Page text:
I'm still reeling from the meltdown in the banking sector, and there are certain to be implications for other sectors although the full effect has yet to be determined. One thing is for sure: the CIO will be told by the CFO -- or perhaps the COO, who most CIOs report to -- to reduce costs wherever possible.
That mandate will certainly mean that CIOs will take a careful look at outsourcing and offshoring -- and they will have to be very careful about what they outsource and offshore. Outsourcing does not make problems go away and a creaking infrastructure will not be helped by outsourcing it. With offshoring you have to be careful about key applications and certainly web applications. If you're looking at a £20m-£50m (US$30 million-$75 million) revenue stream from a website it's OK to outsource, but if it's £200m-£300m you need to build your own team and keep your intellectual property close to your chest.
Offshoring only works if you put in the controls and the structures to make it work. India is fantastic and my company has staff there as well as in eastern Europe, but if you ask the programmers there to build something and your plan is wrong then they will do a brilliant job of fulfilling your plans but it will still be wrong. People say 'Hey, I can get developers in India for £100 a day' but if you save 30 to 40 per cent net you will have done a very good job. If it's a complex application and you don't take all the steps necessary to manage the project and mitigate risk, you can very easily end up with egg on your face.
The problems caused by the state of the economy will be exacerbated by the fact that in the UK there are a lot of companies warming up for large infrastructure upgrades. The cost of running Lotus Notes is killing a lot of companies. Companies like Virgin Atlantic are still going ahead with Notes-to-Exchange migrations because it's seen as worthwhile. Also, there are still a lot of doubts over Windows Vista. Corporates are still very wary because of the desktop footprint, retraining and so on and I can't see large Vista deployments coming in this climate.
On the other hand, I still think virtualisation will be very big because it allows you to spin up new systems very quickly and provide other kinds of flexibility that also enable better utilisation, consolidation and therefore cost savings. Also, projects in unified communications, once it is better understood by the business, will press ahead. IP communications generally will be a huge investment too because where a few years ago everybody thought about voice-over-IP as a separate investment, now IP is the protocol and the transport for everything.
There's still an appetite for investment in the web channel. There's a fear about print advertising but media and retail companies want to invest online, in self-service and so on to streamline costs. Despite the economy, there are still some big bets -- witness the way MySpace Music has shaken up the digital content arena.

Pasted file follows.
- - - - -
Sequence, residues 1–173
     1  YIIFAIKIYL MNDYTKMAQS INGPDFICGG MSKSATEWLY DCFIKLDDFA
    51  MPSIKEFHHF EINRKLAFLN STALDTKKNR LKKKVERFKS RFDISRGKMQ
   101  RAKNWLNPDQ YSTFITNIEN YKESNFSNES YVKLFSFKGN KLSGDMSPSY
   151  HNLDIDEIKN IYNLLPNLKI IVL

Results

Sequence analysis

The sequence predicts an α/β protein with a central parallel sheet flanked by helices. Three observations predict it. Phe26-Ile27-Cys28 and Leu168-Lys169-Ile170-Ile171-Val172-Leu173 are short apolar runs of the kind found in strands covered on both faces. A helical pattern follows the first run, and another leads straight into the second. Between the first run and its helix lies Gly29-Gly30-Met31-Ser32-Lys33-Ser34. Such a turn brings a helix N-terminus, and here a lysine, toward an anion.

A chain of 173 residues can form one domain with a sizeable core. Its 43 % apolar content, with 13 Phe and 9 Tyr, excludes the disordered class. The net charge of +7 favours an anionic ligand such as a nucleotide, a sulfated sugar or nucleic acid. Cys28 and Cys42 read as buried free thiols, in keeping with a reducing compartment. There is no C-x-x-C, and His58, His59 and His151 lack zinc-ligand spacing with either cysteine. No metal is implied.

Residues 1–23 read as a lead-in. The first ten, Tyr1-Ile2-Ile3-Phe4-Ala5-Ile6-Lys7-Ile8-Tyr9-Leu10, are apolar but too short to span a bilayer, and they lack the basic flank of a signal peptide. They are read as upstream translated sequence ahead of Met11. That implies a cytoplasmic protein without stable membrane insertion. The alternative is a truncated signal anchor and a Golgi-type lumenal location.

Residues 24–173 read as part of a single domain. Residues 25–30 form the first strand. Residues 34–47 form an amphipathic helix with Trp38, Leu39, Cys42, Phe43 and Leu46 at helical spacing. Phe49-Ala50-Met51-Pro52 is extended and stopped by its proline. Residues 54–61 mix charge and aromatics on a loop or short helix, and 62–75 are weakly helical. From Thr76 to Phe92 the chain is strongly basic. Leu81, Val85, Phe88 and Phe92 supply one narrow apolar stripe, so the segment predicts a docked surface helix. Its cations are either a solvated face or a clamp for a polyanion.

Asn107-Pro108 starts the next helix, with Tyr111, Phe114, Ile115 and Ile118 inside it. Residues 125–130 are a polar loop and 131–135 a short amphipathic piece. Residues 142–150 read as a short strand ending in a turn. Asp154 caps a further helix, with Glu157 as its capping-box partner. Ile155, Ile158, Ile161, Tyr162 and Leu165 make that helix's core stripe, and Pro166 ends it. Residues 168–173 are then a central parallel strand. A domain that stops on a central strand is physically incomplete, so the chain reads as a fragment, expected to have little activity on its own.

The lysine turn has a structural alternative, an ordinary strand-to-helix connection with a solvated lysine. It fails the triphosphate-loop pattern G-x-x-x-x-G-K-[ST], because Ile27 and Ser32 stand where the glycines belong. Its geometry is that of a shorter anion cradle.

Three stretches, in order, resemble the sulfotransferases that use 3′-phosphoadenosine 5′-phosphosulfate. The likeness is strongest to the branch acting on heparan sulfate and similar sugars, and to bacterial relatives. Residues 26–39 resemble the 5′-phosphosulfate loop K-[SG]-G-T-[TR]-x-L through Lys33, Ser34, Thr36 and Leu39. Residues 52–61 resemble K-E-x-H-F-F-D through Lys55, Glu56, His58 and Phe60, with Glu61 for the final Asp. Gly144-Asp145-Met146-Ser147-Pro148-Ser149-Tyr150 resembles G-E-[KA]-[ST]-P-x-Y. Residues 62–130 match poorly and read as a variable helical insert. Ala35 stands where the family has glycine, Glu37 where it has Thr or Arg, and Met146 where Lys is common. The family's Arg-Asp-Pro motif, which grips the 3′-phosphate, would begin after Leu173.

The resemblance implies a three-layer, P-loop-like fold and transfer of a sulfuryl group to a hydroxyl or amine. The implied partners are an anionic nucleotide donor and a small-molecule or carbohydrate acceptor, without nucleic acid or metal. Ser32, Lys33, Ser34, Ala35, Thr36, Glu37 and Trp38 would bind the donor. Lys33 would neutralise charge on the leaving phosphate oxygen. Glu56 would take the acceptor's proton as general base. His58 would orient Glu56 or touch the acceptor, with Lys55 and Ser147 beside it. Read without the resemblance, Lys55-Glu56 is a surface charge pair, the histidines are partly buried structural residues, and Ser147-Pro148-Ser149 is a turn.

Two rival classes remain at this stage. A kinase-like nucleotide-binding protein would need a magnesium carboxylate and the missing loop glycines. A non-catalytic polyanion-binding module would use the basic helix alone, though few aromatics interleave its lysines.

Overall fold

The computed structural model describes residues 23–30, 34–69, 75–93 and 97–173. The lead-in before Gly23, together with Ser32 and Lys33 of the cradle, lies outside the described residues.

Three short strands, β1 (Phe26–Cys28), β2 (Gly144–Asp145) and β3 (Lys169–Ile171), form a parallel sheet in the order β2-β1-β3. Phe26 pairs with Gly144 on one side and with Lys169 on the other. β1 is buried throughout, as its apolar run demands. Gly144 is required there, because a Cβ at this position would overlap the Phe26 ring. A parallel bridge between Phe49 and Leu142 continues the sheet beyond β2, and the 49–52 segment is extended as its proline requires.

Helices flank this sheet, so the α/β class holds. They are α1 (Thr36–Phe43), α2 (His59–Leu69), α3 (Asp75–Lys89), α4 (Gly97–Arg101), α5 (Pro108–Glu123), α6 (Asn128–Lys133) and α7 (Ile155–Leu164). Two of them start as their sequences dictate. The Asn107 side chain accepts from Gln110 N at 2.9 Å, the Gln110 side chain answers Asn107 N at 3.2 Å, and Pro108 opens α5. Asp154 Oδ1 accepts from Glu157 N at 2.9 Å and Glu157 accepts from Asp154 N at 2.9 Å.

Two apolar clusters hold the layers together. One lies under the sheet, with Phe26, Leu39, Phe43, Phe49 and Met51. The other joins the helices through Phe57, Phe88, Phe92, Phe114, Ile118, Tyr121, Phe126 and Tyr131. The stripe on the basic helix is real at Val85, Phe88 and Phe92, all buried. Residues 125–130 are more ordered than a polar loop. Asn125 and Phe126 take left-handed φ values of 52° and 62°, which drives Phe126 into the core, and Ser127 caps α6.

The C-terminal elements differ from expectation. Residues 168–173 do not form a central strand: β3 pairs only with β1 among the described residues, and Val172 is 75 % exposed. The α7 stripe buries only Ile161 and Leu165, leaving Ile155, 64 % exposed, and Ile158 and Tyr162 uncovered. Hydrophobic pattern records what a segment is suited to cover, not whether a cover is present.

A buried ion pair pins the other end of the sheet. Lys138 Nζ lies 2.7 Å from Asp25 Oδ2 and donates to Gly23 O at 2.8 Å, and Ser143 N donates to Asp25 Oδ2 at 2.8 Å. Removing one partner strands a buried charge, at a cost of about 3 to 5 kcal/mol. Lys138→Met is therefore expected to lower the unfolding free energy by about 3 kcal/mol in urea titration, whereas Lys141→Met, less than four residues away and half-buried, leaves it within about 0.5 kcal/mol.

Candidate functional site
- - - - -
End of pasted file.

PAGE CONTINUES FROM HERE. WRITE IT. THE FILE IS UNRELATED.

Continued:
There will still be companies that have investment funding from when the going was good and that will be spent, but generally it's going to be a difficult time. Some people think videoconferencing, and in particular immersive telepresence rooms, will take off as firms seek to cut travel budgets and replace face-to-face meetings with something similar but remote. I'm not too sure about that. People have said videoconferencing would take off in past downturns but it hasn't happened. Also, telepresence is expensive and I'm not sure it's as good as some supporters make out.
I think a lot of companies will take a close look at cheaper alternatives to infrastructure components. This could be a challenging time for firms like Microsoft, and Google could do well with products like Docs or Apps that offer to do something similar to Office and Exchange but at lower cost.
It could also be a good time for makers of open-source software and JBoss is very often becoming the application server or middleware component of choice among many companies. I don't think this is Red Hat doing anything spectacularly well with it but many enterprises have just come around to accepting that open-source can do a job in that space. It has just been a question of time and people getting used to accepting something new and that maybe they don't need an expensive, classic enterprise choice like an IBM WebSphere or a BEA WebLogic.
Finally, it might be a good time for some of the lower-cost, often Asian, hardware firms who can come in and squeeze premium-priced brands in the same way that Dell did in the early 1990s. As ever, some of the options that emerge could be very powerful. But do not doubt that this is a very significant time of change and a very difficult one too.
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